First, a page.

So if you're making this argument that any gap indicates brutal structuring of society against blacks, the question is was the goal then to structure it for Asians and Jews? Was that the intent? Because otherwise the argument makes no sense at all. So I talked about that for a chapter, and talk about immigration somewhere down the line. I critique some of the claims on the hard alt-right, like the idea that diversity is rare for big countries, which is just complete nonsense. As a political scientist, it's laughably wrong. That's true outside the West, think of Malaysia, Indonesia, South Africa, and so on. It’s not a thing.
I look at 10 of the more prevalent narratives of our time, and I look at how accurate the storyline of the data behind the narrative is. And what I found was that they were all inaccurate to an incredible degree. I'll shut up in a sec because I see you have more questions along this line, but just the Black Lives Matter one was the most obvious example of this. These claims really were made. I believe Biko’s claim, or Ben Crump's claim, was that there's an unarmed or totally innocent black man that’s murdered basically every day, and that this happens hundreds of times a year. Ben Crump's book is called Open Season: Legalized Genocide of Colored People.
But in reality, when I and others started looking at this, the total number of unarmed black men shot typically a year is about 10. Last year, it was 17, and that was a bad year. All men combined, including the large Caucasian majority, one or two Asian Americans every year, etc., it's maybe 100, usually less—60. So this entire narrative had been based on absolutely nothing. And that struck me not as unusual, but it's pretty usual. Many of the stories that are fed to the mainstream taxpayer in a city by media outlets, which are when you get right down to it, ad delivery vehicles—their goal is to sell Ford trucks and boner pills—most of those narratives are not real.
To shout out to a guy on the left side of the fence, Barry Glassner, who found this out in 1999, it was the same focus, why do my middle and upper class urban friends who have nothing to fear seem so scared all the damn time? So he asked me, and he was trained as a sociologist as I recall, and people explained that they were terrified of plane crashes and inner city black crime and a bunch of things, but the most significant one was young child kidnapping. This is the amber alert era. So the idea was that people are going to literally come into your home and snatch your child away. This is when moms were walking around with kids on leashes. This is the start of the helicopter parenting era. And what Glassner found is that the total number of kids are actually kidnapped in a given year, taken away by a non-relative for more than a week or physically or sexually abused, it's around 100.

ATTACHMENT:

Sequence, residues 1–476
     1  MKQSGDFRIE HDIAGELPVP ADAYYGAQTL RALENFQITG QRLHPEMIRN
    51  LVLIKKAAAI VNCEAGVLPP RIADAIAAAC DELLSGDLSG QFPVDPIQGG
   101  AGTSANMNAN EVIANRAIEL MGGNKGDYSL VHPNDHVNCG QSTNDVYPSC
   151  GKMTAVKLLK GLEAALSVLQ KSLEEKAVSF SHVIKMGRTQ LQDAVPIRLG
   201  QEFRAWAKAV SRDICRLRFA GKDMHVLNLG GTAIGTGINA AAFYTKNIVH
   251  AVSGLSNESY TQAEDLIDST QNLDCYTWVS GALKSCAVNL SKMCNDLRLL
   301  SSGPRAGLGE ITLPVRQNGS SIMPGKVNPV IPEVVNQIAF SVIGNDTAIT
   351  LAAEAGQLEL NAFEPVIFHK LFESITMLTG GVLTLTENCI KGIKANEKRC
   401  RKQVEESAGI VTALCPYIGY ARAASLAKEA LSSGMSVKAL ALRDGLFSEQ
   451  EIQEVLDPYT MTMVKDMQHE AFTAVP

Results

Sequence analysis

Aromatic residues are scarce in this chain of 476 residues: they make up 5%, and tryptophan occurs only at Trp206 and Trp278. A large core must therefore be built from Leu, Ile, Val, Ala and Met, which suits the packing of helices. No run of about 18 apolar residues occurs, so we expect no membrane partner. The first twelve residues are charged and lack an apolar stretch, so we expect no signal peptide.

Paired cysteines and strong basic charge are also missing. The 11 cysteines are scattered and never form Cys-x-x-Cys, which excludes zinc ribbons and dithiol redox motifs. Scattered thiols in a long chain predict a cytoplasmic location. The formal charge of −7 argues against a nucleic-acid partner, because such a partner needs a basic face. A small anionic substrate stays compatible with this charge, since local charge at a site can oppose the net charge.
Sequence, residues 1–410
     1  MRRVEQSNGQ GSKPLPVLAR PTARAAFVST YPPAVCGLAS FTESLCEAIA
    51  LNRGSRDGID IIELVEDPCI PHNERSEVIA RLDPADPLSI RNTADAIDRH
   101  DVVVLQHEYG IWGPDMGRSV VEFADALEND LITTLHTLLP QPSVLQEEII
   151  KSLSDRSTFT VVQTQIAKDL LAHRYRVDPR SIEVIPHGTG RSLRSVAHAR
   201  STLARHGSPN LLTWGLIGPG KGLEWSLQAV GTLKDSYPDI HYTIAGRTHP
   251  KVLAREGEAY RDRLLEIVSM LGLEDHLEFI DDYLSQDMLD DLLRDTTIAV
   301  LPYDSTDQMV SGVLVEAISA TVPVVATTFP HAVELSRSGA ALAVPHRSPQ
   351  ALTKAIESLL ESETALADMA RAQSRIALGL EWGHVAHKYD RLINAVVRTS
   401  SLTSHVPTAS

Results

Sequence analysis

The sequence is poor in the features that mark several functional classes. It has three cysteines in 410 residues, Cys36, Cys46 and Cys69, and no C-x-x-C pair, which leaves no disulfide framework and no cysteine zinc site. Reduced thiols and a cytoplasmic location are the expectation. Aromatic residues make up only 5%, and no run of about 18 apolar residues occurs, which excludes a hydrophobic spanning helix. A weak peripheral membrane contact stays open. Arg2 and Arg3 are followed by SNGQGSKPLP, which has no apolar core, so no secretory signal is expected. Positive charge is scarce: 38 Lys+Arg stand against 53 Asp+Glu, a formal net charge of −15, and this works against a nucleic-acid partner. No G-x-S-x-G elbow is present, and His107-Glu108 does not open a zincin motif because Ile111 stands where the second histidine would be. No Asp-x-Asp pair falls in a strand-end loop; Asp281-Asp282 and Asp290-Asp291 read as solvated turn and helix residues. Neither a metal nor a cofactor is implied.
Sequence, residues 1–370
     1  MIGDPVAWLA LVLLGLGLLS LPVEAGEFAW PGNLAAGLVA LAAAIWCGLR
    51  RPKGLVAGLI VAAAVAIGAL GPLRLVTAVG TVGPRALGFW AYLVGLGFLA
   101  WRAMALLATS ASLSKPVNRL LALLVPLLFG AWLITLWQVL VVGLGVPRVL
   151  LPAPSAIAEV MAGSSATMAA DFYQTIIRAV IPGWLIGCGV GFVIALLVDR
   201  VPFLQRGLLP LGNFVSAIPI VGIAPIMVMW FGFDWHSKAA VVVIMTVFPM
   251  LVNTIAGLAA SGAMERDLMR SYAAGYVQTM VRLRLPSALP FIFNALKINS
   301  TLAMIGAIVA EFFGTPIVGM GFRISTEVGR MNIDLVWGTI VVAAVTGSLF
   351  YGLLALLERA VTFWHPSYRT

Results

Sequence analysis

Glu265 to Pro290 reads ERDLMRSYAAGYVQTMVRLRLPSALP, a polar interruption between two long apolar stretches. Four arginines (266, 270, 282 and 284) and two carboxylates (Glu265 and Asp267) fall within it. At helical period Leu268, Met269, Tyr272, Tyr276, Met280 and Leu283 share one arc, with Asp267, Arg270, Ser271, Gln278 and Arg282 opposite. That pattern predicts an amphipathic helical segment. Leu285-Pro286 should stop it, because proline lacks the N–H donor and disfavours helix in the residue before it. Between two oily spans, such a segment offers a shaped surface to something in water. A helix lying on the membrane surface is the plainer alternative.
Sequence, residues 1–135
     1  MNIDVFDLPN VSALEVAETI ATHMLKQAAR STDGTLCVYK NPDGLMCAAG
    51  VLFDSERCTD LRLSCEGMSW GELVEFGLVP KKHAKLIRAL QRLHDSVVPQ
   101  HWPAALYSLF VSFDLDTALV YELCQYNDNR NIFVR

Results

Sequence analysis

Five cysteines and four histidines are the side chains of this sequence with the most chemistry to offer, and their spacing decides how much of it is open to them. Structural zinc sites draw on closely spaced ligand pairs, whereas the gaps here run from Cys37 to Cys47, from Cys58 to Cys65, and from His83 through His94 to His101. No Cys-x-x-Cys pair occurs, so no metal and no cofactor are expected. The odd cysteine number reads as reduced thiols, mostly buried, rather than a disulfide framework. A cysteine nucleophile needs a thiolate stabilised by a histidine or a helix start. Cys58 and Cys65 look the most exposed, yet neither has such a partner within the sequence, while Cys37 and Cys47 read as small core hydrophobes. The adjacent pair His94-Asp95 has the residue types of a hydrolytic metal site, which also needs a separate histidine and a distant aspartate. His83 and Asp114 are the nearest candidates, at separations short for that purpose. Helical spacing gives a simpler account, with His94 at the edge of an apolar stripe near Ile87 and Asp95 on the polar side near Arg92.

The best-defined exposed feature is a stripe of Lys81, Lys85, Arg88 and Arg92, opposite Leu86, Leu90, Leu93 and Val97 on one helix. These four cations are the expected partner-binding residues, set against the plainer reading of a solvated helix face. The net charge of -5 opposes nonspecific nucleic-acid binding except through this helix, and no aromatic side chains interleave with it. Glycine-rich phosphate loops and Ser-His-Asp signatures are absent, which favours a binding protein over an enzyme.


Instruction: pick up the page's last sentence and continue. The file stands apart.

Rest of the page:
And it's what you'd expect, because the basic process of walking into a typical armed neighborhood and walking out with a screaming kid over your shoulder actually seems really difficult, even as difficult as, say, a murder, and it occurs much, much, much less often. Any inflated figure for kidnapping that you get includes things like fathers that are caught up in ugly custody disputes taking their son with them for a little bit. So he made this point long ago, and the point still stands. Many of the fear-based narratives in society have no basis whatsoever. And you can really go well beyond this.
The final example would probably be COVID for people under 18, where the total number of deaths in that category over two years of what has been a serious disease epidemic is 621. So most of the narratives I looked at had no factual support whatsoever.